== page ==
Last Updated Apr 4, 2017 6:41 PM EDT
BAYTOWN, Texas – Police in Texas have released video of a possible suspect and a suspected getaway car after Harris County Precinct 3 Assistant Chief Deputy Clinton Greenwood was fatally shot Monday at a Baytown courthouse.
The highly regarded Texas law enforcement officer was shot and killed moments after arriving for work in an attack that prompted a massive manhunt for the gunman.
The shooting of did not appear to be random, according to Baytown police Lt. Steve Dorris, but a motive was not immediately clear.
“Whether or not he was specifically targeted, or whether this was because of the uniform he was wearing or the place he pulled up to in the morning, we just don’t know that right now,” Dorris said.
Dorris said authorities were still “actively investigating” the shooting but declined to offer additional information.
Officials released a brief clip from surveillance video showing a man described as a possible suspect in Greenwood’s murder, as well as video of a suspected getaway car.
Authorities said they are looking for a white or Hispanic male, approximately 6 feet to 6 feet 3 inches tall with short hair and medium to stocky built who was seen in the area around the time of the shooting, reports CBS affiliate KHOU. Police said this person was possibly wearing a dark jacket with a patch on the sleeve.
The dark-colored car was seen on surveillance video in the area of the shooting.
Anyone who may recognize the person or the vehicle is asked to contact the Baytown Police Department at 281-422-8371.
Greenwood, a 30-year law enforcement veteran, was shot outside a county courthouse building in Baytown, east of Houston. He suffered a single gunshot wound and was airlifted to a Houston hospital where he died.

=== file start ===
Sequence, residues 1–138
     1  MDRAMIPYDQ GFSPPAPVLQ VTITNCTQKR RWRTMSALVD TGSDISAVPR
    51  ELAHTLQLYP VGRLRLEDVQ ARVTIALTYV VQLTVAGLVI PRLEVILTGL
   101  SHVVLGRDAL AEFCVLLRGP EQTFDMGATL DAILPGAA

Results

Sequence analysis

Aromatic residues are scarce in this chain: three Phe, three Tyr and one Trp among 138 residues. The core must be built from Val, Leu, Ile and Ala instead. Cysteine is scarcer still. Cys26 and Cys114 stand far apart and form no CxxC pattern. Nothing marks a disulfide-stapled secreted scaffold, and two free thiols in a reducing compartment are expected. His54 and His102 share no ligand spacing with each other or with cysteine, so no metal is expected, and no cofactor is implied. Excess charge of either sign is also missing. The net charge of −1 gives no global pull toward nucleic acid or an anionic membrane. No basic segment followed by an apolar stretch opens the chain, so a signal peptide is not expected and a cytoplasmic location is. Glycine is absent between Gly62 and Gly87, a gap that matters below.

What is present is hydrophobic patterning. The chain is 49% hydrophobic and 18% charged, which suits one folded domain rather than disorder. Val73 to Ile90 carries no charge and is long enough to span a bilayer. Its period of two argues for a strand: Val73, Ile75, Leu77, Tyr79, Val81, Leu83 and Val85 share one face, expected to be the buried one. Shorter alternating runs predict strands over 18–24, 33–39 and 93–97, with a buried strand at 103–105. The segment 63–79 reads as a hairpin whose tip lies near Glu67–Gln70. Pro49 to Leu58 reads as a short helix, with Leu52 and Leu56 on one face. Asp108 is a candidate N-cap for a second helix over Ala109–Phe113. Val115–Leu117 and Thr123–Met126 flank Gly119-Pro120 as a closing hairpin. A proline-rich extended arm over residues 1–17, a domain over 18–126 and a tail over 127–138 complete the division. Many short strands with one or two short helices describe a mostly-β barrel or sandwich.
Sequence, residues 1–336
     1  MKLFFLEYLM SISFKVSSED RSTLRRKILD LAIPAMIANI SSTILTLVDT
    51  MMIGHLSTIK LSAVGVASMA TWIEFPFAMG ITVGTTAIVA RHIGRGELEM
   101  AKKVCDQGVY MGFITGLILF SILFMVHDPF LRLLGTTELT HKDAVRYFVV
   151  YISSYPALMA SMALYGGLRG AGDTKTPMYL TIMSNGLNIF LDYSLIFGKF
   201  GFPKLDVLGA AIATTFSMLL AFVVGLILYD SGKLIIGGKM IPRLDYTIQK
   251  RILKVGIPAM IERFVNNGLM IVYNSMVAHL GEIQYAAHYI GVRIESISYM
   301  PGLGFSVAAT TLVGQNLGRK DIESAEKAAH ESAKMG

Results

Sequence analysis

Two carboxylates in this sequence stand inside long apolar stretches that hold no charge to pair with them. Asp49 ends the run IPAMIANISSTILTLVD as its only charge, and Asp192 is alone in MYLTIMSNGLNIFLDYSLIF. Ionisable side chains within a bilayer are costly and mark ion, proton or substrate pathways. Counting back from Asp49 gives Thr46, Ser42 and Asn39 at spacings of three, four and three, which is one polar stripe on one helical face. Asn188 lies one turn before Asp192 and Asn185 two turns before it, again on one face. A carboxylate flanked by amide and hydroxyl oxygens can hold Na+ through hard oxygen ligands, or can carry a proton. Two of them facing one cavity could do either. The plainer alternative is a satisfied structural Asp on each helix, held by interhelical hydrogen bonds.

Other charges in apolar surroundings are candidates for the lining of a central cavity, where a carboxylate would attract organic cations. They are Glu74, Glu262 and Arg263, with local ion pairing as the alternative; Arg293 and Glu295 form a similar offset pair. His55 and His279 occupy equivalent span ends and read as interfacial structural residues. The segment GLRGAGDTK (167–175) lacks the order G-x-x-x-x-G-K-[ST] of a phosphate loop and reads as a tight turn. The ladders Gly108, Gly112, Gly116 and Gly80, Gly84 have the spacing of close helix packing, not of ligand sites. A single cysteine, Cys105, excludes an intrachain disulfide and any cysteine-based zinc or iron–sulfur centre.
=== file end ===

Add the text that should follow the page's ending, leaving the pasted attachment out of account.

The attack led to the lockdown of a nearby high school and a broad response by law enforcement as authorities closed intersections as part of their search for the suspect. Access to businesses in the area was limited as law enforcement helicopters searched by air and officers spread into nearby neighborhoods.
Montgomery County sheriff’s Lt. Tim Cannon told the Houston Chronicle that he had known Greenwood for decades and was struggling to understand who would harm him.
“Clint was absolutely a target, for whatever reason. We don’t know,” he said. “But he didn’t need to be a target. Clint was there to help. And whoever this person was, Clint probably would have reached out to help him as well.”
A reward of up to $65,000 has been offered for information that would lead authorities to arrest and charge someone in the case.
Greenwood received his law license in the 1980s and worked for the Harris County district attorney’s office. At one point, he oversaw the office’s civil rights division. He also once served as part of the command staff for the Harris County sheriff’s office, one of the busiest in the country.
“My heart goes out to the family and friends of Assistant Chief Deputy Greenwood and the Harris County law enforcement community in the wake of this heinous murder,” Gov. Greg Abbott said in a statement. “Texas is taking action to strengthen penalties for those brazen enough to commit crimes against law enforcement, and we will send a message that such vile acts will not be tolerated.”
The shooting of Greenwood was reminiscent of the 2013 slaying of a prosecutor as he exited his car and walked into work southeast of Dallas. Authorities say the gunman who killed Mark Hasse outside the Kaufman County courthouse later fatally shot the county’s district attorney and his wife. The deaths were retribution after Hasse and District Attorney Mike McLelland prosecuted gunman Eric Williams for the theft of county equipment, authorities have said.